Why Accepting Mediocrity Will Help You Reach Your Goals, According to Cheryl Strayed

There’s a big career goal you’ve been dreaming of. You want to move into management, change careers, start a side hustle, or establish yourself as a thought leader.

So, you researched it and came up with a plan. As you began, you had a lot of fire and energy. But, then, you found you couldn’t take the necessary steps to follow through.

In other words, you revamped all of your materials, but stopped yourself from applying to any jobs in a new field. Or, you designed the first half of a website for a side gig, but couldn’t decide how to finish it, so it’s yet to go live. Or, you drafted a post an on issue in your industry, but you never got around to publishing it.

People who think you just need to put in a little more time or effort have it all wrong. You set time aside repeatedly, and genuinely want to see it through. In fact, it’s your quest to perfectly attain your dream that’s holding you back.

Cheryl Strayed, the number one New York Times Best-Selling Author of Wild has been there. Writer Catherine Clifford points to part of an interview Strayed gave to Tim Ferriss, where Strayed says:

What I had to do was that humble thing [and say]: ‘Guess what, it’s true, I might be writing a mediocre book. I might be writing a book that nobody ever reads.’ And I just have to surrender to the truth of that, and I have to surrender to this notion that even if I am mediocre, what matters more to me than writing a great novel is writing a novel. And that was a huge lesson.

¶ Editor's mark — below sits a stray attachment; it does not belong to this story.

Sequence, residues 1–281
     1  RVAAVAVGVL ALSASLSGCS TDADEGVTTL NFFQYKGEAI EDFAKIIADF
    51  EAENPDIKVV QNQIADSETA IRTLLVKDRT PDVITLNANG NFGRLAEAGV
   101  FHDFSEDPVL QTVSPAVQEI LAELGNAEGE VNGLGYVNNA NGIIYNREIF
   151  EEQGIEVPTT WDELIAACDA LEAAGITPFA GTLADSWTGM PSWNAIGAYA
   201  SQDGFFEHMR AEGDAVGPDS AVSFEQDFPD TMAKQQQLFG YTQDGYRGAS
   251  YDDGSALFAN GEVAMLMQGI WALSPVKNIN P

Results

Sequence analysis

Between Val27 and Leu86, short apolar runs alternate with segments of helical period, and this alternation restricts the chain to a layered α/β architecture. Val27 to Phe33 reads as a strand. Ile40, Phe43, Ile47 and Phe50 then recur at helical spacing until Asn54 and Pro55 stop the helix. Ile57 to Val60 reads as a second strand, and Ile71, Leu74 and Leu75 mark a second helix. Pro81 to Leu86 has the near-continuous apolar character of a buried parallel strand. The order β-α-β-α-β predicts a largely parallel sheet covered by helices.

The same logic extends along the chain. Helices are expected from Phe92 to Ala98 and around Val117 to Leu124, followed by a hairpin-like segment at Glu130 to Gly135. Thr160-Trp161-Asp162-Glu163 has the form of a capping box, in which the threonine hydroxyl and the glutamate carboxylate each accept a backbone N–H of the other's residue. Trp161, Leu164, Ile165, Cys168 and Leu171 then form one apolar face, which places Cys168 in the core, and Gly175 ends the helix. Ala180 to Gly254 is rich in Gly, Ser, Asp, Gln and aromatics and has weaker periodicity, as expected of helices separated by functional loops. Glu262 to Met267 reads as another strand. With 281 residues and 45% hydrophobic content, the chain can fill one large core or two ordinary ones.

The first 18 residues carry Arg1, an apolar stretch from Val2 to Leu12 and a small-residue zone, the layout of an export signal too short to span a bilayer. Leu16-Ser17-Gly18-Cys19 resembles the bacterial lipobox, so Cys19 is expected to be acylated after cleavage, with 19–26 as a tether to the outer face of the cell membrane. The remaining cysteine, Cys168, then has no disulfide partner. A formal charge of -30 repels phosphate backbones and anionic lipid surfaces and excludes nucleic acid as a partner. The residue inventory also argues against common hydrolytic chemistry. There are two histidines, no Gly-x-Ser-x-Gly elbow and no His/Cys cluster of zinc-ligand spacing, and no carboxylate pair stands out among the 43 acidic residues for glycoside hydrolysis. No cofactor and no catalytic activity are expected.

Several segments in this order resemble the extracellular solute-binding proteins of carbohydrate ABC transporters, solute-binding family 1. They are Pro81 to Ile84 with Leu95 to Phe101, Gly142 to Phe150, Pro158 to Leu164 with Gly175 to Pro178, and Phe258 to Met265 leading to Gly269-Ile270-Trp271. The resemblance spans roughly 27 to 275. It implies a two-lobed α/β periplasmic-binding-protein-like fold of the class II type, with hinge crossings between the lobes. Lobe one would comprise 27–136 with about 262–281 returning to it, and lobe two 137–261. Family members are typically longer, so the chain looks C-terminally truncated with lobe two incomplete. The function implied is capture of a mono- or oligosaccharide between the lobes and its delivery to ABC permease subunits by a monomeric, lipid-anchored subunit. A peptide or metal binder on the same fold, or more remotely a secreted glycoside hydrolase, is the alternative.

Ironically, it was allowing herself to write a book that would be just OK that freed Strayed up to keep going and finish a memoir—a memoir, that you might recall, was turned into an Oscar-nominated movie starring Reese Witherspoon.

The pressure we put on ourselves to do everything perfectly can be suffocating. But, if you shift your mindset from focusing on being successful to finishing what you set out to accomplish—regardless of the results—you’ll find it’s suddenly easier to keep going. It worked for Strayed, and could be just the new thinking you need as well.

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